There are quite a few cholesterol drugs on the market. Most of them concentrating on lowering low-density lipoproteins (LDL) cholesterol, which is your 'bad' cholesterol. While lowering LDL cholesterol is important, it can be just as important to increase your high-density lipoproteins (HDL) cholesterol, or good cholesterol. Your 'good' cholesterol is extremely important, as it is responsible for carrying your bad cholesterol out of your blood stream to your liver, where it can be disposed.
One of the less talked about cholesterol regulators in niacin. Niacin is a B vitamin (B3) that increases 'good' cholesterol and can be found as an over-the-counter supplement, in prescription form, or naturally in many different foods. Niacin is readily available in eggs, dairy, fish, poultry and lean meats. Vegetarians and vegans may get their source of niacin in nuts, enriched cereals and breads, avocados, dates, mushrooms, legumes, tomatoes, leafy greens, carrots and sweet potatoes.
While most people tend to get enough niacin naturally through their regular diet, it may be helpful to take supplements or prescription niacin if your have high LDL cholesterol, or low HDL cholesterol. Your HDL cholesterol should be at least 60 mg, for both women and men. If a woman's HDL drops below 50 mg, or a man's drops below 40 mg, they are at a higher risk for heart disease. Niacin both increases HDL and lowers triglycerides and LDL cholesterol. It is one of the most effective cholesterol medications on the market and doesn't necessarily need to be prescribed.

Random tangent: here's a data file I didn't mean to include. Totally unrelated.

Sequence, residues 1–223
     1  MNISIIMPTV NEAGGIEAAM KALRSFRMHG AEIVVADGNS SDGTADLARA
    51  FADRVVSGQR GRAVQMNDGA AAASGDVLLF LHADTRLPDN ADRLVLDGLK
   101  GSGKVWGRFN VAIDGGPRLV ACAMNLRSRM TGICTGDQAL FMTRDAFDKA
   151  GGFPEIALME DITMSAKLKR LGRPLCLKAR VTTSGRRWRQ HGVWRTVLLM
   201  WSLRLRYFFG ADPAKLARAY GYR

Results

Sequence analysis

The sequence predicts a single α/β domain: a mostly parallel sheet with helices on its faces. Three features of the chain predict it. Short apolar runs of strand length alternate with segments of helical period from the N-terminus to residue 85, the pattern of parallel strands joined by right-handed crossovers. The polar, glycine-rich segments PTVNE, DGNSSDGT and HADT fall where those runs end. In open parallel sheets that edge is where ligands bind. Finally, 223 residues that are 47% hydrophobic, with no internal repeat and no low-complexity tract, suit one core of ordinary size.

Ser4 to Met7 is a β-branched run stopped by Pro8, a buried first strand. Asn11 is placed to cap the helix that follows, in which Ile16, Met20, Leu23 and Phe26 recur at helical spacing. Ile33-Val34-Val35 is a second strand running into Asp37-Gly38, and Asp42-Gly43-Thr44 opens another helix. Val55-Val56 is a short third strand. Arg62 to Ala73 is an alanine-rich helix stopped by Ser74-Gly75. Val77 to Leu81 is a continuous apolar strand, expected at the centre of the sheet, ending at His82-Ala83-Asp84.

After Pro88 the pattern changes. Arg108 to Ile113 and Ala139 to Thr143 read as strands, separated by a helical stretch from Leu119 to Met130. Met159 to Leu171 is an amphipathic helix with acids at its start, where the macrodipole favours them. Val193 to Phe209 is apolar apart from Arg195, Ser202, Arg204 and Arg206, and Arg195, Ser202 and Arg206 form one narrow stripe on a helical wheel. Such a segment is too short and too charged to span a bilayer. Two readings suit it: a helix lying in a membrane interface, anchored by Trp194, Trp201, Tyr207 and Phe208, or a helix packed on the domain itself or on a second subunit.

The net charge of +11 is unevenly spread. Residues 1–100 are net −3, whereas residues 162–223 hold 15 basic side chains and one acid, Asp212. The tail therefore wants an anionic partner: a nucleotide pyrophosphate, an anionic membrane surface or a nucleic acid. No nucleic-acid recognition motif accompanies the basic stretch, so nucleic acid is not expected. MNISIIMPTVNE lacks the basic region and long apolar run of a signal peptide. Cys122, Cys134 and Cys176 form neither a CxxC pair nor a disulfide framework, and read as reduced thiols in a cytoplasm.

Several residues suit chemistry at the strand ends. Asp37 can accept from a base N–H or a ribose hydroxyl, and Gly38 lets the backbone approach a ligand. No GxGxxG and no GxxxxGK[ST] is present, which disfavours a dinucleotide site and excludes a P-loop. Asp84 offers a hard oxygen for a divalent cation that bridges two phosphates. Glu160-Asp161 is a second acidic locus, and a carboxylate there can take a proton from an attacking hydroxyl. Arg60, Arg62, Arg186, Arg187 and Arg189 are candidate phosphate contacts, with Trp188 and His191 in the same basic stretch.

Niacin can usually be taken in combination with other cholesterol medications, but it is best to ask your doctor about possible drug reactions before adding any type of supplements to your health regimen. Also ask your doctor about possible side effects and the correct amount of niacin that might be good for.
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